Elizabeth’s abilities to cultivate her image and to maneuver politically were particularly remarkable and necessary due to her gender. In that era, it was widely accepted that women were incapable of leadership. It was believed that men were naturally bestowed with the gifts of authority, whereas women were unfit to rule.
But Elizabeth used her gender to her advantage. She was determinedly single and refused to marry before and during her reign. Instead she often spoke of herself as the spouse or mother of the kingdom. She dressed in lavish clothing and kept a tight grip on how her likeness was portrayed to the public. She was featured in many poems, plays, and other works of art and was often compared to famed ancient virginal figures including Diana, the goddess of the Moon and Astraea, the goddess of justice.
As is nearly always the case with monarchies, the question of establishing an heir was seen as paramount by many during Elizabeth’s rule. While the development of the Virgin Queen persona was helpful in inspiring a kind of mythic aura, it instilled fear in Elizabeth’s protestant followers. If she did not have children, she would be the end of the Tudor line. The next in line to the throne was Mary, Queen of Scots, who was a Catholic and was thereby supported by the Catholic countries on the Continent, and English citizens still loyal to the Catholic Church
Elizabeth’s unwillingness to marry was likely caused by her desire to fully retain her power. She wasn’t a fan of unsolicited advice from anyone, let alone a potential husband, and seemed surprisingly unconcerned about the line of succession.
This same sentiment regarding power put a strain on her relationship with Parliament, which she had to rely upon for revenue. Elizabeth tried to smooth the discord using a complex combination of soft and hard tactics.
Though not extremely religious herself, religious conflict plagued Elizabeth’s whole life. In 1580, Pope Gregory XIII said it wouldn’t be a sin to kill the Protestant leader and fear of an assassination grew. In response, Elizabeth’s Privy Council created the Bond of Association. The signatories agreed that if an attempt was made on the Queen’s life, they would kill the assassins as well as the person in whose interest the attempt had been made. This specifically targeted Mary Queen of Scots, who had been implicated in attempts on Elizabeth’s life.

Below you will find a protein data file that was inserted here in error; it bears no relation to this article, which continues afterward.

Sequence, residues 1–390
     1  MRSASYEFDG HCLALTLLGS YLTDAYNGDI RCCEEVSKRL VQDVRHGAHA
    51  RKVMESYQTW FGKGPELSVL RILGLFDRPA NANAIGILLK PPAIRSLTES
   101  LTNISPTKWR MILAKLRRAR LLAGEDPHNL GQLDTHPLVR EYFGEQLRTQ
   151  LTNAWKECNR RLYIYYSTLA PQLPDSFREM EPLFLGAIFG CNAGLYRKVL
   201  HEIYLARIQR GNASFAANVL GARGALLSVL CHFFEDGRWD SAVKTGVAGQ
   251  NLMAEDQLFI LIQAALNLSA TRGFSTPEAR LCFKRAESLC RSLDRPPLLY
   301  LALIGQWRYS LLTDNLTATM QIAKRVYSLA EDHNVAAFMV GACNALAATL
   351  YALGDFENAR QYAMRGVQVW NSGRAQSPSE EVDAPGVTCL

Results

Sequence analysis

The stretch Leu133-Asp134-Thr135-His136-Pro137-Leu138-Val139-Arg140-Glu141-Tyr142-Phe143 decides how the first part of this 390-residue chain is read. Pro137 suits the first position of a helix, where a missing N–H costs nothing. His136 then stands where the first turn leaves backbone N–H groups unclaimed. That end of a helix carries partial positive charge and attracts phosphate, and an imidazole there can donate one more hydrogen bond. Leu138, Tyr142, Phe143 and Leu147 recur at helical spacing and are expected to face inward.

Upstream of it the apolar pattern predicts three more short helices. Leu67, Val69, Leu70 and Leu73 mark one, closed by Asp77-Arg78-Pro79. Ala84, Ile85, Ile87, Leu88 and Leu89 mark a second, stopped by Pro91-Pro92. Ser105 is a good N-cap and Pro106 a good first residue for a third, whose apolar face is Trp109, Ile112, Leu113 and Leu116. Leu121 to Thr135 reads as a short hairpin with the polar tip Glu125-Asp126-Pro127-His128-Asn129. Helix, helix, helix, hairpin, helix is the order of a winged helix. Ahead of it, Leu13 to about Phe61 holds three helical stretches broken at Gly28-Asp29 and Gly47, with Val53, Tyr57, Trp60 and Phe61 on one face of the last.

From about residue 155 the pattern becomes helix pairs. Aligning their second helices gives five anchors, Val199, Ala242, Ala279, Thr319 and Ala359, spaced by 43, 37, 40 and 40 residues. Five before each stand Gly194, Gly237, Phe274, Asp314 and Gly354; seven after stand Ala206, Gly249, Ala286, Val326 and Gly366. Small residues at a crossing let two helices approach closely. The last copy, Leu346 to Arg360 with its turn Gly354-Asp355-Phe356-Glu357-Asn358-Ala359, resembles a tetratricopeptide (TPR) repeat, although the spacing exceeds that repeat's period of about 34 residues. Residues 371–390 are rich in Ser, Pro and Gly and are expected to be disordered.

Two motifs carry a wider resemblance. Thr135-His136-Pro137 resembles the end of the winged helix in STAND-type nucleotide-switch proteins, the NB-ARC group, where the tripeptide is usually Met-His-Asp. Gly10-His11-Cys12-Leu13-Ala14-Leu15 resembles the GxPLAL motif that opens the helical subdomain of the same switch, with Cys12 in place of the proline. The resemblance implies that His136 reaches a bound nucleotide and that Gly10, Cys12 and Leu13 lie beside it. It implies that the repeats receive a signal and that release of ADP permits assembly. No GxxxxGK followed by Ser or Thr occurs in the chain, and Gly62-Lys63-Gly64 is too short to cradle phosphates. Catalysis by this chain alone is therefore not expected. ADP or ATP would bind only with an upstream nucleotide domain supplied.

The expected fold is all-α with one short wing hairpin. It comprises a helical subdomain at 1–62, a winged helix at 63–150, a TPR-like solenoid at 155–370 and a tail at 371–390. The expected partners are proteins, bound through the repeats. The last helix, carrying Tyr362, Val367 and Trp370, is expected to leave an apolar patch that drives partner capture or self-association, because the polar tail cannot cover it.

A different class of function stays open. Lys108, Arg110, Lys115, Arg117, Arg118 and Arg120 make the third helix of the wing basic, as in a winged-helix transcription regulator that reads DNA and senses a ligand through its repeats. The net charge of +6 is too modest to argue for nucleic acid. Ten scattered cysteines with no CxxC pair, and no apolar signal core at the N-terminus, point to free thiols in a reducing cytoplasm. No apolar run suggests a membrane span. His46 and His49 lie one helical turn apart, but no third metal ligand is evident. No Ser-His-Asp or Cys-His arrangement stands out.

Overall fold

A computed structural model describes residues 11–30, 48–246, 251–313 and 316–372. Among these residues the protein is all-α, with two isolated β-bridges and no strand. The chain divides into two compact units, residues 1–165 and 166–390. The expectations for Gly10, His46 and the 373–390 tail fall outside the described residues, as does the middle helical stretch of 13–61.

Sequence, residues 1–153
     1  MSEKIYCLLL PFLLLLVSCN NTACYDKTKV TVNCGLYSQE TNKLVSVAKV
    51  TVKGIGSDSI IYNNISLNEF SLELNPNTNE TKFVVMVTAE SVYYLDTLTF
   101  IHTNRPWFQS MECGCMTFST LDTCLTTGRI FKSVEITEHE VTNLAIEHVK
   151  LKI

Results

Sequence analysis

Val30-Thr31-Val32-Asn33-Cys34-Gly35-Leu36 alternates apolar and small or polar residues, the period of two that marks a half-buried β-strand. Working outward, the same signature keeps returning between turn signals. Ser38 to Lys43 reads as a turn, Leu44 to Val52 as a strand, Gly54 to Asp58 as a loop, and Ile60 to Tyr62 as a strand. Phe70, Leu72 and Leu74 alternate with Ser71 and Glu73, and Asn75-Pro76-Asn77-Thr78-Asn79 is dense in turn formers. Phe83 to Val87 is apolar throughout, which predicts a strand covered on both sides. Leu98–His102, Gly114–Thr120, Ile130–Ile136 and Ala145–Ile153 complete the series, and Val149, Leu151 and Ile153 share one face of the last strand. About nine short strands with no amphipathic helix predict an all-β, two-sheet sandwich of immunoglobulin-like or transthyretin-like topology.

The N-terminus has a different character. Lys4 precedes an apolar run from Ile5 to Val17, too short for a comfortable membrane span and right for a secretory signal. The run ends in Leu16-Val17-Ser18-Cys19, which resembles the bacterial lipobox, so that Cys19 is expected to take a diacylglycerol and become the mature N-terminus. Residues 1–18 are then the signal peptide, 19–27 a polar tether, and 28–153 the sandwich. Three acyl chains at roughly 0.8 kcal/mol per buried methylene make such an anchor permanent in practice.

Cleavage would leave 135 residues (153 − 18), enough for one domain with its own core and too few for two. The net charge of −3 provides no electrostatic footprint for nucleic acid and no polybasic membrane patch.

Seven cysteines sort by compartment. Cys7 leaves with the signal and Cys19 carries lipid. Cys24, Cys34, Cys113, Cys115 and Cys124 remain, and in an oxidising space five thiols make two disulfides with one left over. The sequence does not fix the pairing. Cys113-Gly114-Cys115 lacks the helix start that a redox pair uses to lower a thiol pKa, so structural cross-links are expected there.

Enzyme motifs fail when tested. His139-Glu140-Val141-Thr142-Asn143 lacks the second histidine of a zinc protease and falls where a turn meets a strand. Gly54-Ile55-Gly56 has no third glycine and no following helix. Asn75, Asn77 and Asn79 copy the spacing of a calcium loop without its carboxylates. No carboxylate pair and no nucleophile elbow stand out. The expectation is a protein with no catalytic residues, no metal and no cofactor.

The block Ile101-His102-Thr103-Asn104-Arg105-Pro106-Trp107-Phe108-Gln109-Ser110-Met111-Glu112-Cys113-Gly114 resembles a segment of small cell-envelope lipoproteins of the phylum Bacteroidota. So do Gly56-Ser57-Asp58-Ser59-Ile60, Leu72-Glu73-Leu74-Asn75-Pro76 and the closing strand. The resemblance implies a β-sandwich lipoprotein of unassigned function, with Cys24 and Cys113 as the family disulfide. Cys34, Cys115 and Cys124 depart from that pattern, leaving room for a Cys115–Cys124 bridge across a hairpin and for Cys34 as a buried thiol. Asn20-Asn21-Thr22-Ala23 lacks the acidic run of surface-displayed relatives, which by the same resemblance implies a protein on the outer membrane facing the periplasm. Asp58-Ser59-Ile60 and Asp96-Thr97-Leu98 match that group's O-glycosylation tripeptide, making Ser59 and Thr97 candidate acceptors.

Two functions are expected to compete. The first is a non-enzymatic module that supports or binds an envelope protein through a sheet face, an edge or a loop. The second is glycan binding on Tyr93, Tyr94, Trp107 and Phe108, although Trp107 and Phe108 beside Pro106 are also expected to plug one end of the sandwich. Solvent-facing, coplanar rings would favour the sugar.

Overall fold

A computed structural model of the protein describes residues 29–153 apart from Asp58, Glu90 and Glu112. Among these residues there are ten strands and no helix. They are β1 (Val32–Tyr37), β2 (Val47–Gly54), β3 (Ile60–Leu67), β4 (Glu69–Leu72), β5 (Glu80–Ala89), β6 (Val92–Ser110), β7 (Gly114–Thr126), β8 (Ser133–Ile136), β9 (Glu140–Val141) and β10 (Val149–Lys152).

Because of such plots and unbeknownst to Elizabeth, Mary was beheaded in 1587. The queen responded with grief and wrote to Mary’s son, James, saying that she had not intended for Mary to actually be killed.
Elizabeth’s protestant faith also put her at odds with powerful foreign leaders including those of France and Spain. She successfully avoided military conflict until the late 1580s, when Elizabeth learned that the Spanish King, Philip II, was scheming to invade and conquer England. The queen was prepared. She had a well-armed fleet of ships. Despite the fact that the Spanish Armada was seen as unbeatable, the English came out of the July 1588 conflict on top.
Elizabeth inspired her troops in person. She famously said, “I know I have the body of a weak and feeble woman, but I have the heart and stomach of a king, and a King of England too.”
Elizabeth died on March 24, 1603. She was succeeded by James I, King of Scotland, Mary Queen of Scot’s son.
Elizabeth’s reign is often remembered as a golden era of art, literature, and music. She solidified the Church of England and won naval and military victories. Though she certainly made her fair share of mistakes, Elizabeth remains the enduring symbol of enlightened Tudor England and is remembered today as one of the most powerful and formative female leaders in history.
Tune in tomorrow for the story of another leader.
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Special thanks to Liz Kaplan, my favorite sister and co-creator.
Talk to you tomorrow!